HOKA Clifton Lifestyle featuring Matt Bouch

02 May 2024, 11:00
HOKA Clifton Lifestyle featuring Matt Bouch

When Matt Bouch isn’t blazing through the Drakensberg trails in his Mafate Speed 4’s, he’s rocking a pair of HOKA Clifton Lifestyle’s through the city streets.

Our homie, Matt, recently came second in the Ultra-Trail Drakensberg, which is a remarkable achievement for even the most skilled athletes. We caught up with Matt to find out about his journey to and through the mountains. 

SL: Who are you and where are you from?

MB: My name’s Matt Bouch and I’m from Cape Town. I’m an ultra-trail runner, and I work in the creative industry as a producer and photographer.

SL: How did you get into trail running? Tell us about your journey.

MB: Mountain photography has long been a passion of mine, and I started running to get and stay fit for the hiking that this involved. Back in the early days I ran with the SL Run Crew in JHB – I could barely get a 5km done in under 30mins. I persevered and soon found myself finishing competitively at some local trail runs. I guess this process working toward something seemingly impossible is what gripped me. In 2021 I joined Flat Rock Endurance and started taking things seriously.

SL: Would you say this is something you’ve always been interested in or passionate about?

MB: Not at all. I grew up in Cape Town – surrounded by nature - but had zero interest in the mountains. It’s such a shame. It wasn’t until I moved to Johannesburg after my studies that I realized something was missing. It was a hiking trip to the Drakensberg that captivated me and inspired me to get outside more.

SL: You’re an incredible filmmaker and photographer… nature seems to be a big focus in your work, did this influence your interest in trail running?

MB: Thank you! Being outside, particularly in the mountains, is the motivation behind most of the things I do. Modern life is ultra-connected, frantic, and filled with noise. Nature is the opposite. The further off the grid you get, the simpler life becomes.

SL: You just ranked second in the Ultra-Trail Drakensberg which is an incredible feat- how was the training and build-up to this for you?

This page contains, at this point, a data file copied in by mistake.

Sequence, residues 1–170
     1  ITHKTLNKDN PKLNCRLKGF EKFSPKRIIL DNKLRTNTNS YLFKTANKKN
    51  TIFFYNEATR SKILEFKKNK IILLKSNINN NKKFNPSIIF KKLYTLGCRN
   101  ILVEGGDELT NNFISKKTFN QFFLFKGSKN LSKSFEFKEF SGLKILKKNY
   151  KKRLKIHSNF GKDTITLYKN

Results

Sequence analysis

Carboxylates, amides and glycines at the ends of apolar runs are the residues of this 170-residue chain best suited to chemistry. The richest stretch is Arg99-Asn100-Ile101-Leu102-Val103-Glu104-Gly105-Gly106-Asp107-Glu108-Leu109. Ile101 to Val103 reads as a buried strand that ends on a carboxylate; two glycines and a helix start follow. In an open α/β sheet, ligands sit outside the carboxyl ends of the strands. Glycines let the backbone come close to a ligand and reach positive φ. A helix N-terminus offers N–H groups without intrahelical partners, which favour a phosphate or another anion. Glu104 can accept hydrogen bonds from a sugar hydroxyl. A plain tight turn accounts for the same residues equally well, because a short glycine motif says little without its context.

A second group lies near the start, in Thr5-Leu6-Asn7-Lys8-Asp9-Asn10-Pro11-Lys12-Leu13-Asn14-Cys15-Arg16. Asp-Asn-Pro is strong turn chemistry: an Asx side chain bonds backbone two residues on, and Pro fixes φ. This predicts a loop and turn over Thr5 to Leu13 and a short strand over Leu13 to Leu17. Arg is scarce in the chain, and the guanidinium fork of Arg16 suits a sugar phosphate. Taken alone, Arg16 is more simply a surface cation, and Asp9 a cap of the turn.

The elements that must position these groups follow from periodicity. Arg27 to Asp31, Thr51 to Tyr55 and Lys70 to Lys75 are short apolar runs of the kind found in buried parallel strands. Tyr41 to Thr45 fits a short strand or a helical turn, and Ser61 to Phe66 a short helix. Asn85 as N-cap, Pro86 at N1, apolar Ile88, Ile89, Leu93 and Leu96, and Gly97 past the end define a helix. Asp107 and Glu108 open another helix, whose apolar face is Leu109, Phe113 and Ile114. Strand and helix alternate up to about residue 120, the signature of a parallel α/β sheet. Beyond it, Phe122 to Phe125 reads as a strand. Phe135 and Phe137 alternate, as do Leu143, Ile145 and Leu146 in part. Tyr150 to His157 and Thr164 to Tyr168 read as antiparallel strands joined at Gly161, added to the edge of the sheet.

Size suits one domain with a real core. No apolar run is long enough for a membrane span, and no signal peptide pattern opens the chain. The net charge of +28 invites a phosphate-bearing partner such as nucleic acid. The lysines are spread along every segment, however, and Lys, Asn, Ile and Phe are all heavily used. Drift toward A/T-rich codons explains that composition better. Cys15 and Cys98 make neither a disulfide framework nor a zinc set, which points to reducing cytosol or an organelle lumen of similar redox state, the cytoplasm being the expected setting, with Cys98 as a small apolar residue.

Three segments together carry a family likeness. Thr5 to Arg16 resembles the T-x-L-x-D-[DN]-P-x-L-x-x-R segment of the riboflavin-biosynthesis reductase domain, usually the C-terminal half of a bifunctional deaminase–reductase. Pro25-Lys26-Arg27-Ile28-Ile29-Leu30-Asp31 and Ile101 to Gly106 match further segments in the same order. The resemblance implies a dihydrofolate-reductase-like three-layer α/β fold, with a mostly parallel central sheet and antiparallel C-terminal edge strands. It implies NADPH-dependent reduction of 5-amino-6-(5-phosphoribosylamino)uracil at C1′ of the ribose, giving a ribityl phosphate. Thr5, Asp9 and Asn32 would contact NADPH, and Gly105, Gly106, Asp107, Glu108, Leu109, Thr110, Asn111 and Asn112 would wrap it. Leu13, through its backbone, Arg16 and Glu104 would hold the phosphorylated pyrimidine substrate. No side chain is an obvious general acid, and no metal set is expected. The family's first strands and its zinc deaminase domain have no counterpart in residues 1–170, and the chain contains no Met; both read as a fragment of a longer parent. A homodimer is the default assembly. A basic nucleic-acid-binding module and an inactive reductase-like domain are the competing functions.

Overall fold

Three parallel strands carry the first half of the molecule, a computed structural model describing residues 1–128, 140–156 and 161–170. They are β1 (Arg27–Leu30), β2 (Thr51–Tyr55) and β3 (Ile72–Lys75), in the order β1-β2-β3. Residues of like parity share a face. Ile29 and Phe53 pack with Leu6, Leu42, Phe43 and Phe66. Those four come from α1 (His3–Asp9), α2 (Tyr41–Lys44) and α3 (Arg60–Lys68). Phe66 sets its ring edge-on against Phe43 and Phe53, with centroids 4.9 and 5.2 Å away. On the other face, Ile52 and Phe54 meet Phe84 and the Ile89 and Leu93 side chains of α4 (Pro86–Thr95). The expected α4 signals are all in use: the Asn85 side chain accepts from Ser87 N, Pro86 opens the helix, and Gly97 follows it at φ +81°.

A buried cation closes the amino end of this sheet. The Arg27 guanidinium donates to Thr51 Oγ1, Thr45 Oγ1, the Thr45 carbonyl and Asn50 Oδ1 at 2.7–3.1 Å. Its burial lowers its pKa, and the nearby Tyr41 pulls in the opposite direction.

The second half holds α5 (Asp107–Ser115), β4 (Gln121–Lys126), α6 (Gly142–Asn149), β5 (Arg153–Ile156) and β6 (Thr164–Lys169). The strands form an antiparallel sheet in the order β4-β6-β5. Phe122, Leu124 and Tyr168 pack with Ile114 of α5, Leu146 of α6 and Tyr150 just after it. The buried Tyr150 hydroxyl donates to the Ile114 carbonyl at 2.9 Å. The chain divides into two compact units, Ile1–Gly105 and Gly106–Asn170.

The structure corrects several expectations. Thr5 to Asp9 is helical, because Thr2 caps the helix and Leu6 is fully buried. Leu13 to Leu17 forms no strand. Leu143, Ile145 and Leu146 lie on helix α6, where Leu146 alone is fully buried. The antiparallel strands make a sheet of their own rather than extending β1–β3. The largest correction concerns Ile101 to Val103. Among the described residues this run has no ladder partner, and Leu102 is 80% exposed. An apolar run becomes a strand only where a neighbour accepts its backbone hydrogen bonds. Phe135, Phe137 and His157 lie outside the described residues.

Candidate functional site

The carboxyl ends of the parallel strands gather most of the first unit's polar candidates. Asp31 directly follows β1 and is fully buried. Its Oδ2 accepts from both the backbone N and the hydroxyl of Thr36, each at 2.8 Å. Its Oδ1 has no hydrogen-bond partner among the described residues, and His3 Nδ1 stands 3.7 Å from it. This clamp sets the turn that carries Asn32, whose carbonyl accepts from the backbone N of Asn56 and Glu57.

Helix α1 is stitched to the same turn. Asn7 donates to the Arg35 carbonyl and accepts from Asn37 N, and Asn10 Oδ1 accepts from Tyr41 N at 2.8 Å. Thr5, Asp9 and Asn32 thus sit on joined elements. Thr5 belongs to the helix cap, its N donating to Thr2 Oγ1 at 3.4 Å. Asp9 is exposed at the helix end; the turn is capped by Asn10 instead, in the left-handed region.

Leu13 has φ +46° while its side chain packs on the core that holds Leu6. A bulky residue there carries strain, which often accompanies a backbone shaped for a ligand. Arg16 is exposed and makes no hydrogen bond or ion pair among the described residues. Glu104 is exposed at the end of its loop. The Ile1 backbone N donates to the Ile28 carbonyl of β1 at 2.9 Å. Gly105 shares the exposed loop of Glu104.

MB: I had a consistent build up to UTD, which allowed me to start the race feeling confident. A key block included a training camp in the Cederberg, where I ran 130km over 3 days. This felt more like a holiday thatn training because the landscape out there are just so epic. I am lucky to work with a great team, who help me to properly prep: Coach, Erin van Eyssen; Strength & Conditioning, Tish Jones; Nutrition, Andy Brodziak. And of course my training partners and fellow athletes add huge value to every session: Skye Clarke, Justin Broadley, Mike Obery, Raydon Barrett – in fact the whole Flat Rock crew.

SL: For those of us who know nothing about the sport, tell us a bit about how you plan a 160km run in only 21hours? How does sleeping, eating etc. work?

MB: I could write an entire article on this, but the key point is to practice everything you intend to do on race day during training. This includes your nutrition plan, gear, pacing and mental strategies. The best advice I can give within the race itself is to keep moving, keep eating and keep drinking. Take a variety of snacks so that when you stop enjoying one you can pivot to another. Be fast and efficient at aid stations – a lot of time is wasted here. And be kind to yourself. At some point you WILL hit a low point. When that happens, remember the mantra: keep moving, keep eating and keep drinking.